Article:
It’s not that I don’t appreciate the invitation: I absolutely do. But, for a few reasons, I feel a little uncomfortable writing this.
First, I don’t exactly feel that I’m qualified.
The “Alumni of the Issue” feature has long been a friend to Circle Voice editors, and having written a few of these stories as a reporter and read a great many more as an editor and as a reader, I’d argue that the subjects are usually older, wiser, and more impressive than me (if perhaps not as self-deprecating.) When I was at Groton, I wrote an Alumni of the Issue feature about an Olympic athlete (Isabelle Kinsolving-Farrar) and read about innovators in technology and pioneers in service and business.
Second-and this is a big one-I feel out of my element.
Right now as I write, I wish I had the talent that some of Groton’s great editorial writers – James Lee ‘12, Winston Shi ‘12 and Harsh Govil ‘11 come to mind – possessed at sharing their perspective in the first person. While I wrote my fair share of stories about new professors and old alumni, James, Winston, and Harsh perfected the art of writing as themselves. These three in particular were appointment reading when I was at Groton to students and faculty alike, and each had a different flavor. James’s goal always seemed to be to make you think, not necessarily to tell you what he thought. He did this well, with his trademark length (James rarely wrote anything – a sentence, a poem, a paragraph, a story – that was brief) and conscience. Harsh enjoyed going after the administration, despite the difficulties this sometimes presented in Groton’s intimate community. And Winston delighted us all with his talent and his thinking and his ability to make any event-sometimes it was a Lakers game, sometimes it was a particularly close fantasy baseball matchup, sometimes it was a Roll Call announcement – seem relevant to the world.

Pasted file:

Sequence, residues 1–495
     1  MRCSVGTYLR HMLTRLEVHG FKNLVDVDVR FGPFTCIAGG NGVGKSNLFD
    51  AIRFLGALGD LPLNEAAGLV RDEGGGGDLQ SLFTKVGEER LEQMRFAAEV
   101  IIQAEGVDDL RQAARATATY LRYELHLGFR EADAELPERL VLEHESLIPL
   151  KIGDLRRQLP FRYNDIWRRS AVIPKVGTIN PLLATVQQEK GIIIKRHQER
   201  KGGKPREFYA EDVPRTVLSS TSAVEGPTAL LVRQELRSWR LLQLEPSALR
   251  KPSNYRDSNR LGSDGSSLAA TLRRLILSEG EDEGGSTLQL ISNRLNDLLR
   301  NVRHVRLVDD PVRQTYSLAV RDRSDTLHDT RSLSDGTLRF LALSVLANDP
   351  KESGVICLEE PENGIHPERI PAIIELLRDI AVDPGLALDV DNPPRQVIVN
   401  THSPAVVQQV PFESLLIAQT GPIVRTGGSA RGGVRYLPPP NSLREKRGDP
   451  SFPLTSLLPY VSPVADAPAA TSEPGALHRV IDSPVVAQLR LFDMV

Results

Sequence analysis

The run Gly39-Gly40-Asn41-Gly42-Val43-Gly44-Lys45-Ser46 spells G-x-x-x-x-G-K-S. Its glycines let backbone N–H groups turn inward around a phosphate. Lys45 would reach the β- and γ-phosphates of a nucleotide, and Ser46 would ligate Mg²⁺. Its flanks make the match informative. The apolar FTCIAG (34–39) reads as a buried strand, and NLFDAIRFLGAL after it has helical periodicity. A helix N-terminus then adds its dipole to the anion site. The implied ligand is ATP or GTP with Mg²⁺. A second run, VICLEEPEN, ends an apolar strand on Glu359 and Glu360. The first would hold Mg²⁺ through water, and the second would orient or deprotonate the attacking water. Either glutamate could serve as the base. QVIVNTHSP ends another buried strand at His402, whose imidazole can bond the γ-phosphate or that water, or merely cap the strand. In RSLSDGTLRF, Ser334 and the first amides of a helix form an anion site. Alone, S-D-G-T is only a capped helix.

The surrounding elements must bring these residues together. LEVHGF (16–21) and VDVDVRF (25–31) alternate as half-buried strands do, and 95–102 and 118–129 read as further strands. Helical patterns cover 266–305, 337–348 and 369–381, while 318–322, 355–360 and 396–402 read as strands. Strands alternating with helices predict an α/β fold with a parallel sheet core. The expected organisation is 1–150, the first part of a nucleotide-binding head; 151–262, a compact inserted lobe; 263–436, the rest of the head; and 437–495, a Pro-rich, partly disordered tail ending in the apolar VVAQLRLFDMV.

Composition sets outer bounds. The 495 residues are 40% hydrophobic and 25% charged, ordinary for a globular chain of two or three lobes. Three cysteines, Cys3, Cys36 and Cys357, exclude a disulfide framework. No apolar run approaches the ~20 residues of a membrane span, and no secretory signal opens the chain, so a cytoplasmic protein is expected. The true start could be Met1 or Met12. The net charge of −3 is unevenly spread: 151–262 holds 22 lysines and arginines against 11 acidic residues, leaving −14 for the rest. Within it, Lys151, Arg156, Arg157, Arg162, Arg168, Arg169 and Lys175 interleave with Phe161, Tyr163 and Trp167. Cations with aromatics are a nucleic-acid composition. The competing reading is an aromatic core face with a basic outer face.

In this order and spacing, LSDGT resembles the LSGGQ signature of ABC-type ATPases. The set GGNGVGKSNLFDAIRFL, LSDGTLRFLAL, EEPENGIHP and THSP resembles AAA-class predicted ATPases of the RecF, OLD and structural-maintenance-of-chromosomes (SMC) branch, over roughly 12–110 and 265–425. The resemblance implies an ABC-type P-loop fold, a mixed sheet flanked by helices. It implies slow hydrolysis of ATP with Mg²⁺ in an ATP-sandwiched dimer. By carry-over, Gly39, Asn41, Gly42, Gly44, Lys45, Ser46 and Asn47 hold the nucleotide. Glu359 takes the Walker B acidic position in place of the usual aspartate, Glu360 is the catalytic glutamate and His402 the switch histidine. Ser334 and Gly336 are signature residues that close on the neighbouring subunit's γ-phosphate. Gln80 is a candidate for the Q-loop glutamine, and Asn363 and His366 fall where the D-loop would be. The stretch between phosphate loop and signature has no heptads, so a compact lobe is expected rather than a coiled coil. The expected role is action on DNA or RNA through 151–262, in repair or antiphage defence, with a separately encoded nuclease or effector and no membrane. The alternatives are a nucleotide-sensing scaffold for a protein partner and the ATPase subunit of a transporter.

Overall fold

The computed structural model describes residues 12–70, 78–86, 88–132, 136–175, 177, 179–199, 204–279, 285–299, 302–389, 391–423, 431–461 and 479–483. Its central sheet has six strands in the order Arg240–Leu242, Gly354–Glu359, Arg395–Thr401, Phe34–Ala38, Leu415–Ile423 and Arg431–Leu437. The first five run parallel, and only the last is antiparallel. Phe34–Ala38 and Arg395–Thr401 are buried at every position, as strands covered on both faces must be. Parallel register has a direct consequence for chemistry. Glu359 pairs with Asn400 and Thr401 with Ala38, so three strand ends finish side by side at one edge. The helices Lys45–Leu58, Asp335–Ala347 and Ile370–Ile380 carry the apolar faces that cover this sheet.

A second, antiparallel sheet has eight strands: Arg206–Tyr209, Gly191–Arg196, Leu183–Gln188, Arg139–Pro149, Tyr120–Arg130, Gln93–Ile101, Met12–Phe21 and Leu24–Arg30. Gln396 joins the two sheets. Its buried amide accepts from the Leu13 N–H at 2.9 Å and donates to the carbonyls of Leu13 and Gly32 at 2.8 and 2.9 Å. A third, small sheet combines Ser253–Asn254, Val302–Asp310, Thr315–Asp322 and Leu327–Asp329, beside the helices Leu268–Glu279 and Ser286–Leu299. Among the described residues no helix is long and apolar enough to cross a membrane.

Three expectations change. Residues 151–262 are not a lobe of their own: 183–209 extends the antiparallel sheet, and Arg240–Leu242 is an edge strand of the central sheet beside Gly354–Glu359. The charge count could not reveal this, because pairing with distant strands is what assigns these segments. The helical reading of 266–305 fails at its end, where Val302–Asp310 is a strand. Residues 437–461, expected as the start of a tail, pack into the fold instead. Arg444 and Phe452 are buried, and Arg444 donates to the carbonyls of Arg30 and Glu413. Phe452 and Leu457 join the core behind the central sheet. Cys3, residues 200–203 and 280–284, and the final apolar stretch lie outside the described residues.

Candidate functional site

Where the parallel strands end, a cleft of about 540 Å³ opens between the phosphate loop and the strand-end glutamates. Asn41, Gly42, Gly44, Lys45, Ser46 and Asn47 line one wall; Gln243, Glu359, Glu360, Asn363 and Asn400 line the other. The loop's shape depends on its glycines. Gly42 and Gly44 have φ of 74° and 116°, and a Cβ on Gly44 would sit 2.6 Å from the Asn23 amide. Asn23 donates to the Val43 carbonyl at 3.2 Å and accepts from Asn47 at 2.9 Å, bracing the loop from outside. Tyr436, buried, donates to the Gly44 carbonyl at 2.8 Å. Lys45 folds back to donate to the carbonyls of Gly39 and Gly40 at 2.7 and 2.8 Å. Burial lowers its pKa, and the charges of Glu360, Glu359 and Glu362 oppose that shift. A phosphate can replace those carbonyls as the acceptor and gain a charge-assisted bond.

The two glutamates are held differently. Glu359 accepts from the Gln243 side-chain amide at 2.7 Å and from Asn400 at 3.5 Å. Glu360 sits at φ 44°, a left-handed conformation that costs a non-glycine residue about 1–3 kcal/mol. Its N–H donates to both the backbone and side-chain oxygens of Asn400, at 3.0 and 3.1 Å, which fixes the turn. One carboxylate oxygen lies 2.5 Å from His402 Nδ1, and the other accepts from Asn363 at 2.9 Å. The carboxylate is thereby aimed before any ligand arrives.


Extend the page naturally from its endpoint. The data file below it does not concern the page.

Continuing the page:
When I edited the CV as a Sixth Former, the first thing I would do upon opening the newspaper’s network drive was read their unedited copy. More often than not, the relevance of their topics and their talent with words made it seem like they were speaking directly to me. Perhaps you feel the same way right now, but you’re completely free to feel as if I’m simply writing at you.
My third reason for feeling uncomfortable (and don’t worry, I’ll stop before I get to 10): I fear that my opening sentences weren’t quite dynamic enough to keep a large percentage of you from turning to the back page (if that’s not the first place you went anyway).
The funniest humor writer I ever read at Groton was undoubtedly Nat Cutler ‘09, who wrote the section during my third form year, and whose articles we reran frequently after he graduated. Angus West ‘09 was also a funny writer, as was Ian Anderson ‘10. Carrie Coughlin ‘12 wrote some of the funniest stuff of our sixth form year. An added bonus to Carrie’s content was that I never worried that she would get me into trouble.
Editing the humor page is every CV editor’s biggest challenge, primarily because it takes a number of reads to understand all the jokes, and to determine if/how many people are going to be offended. When I edited the CV, I had the welcome assistance of Carly Margolis ‘12, whose job was to look at the humor section, honestly, and tell me just how out of bounds some of the stuff was and what we had to remove. I trusted Carly with this job more than I trusted myself, and when she read the sections, people went home happy and not offended.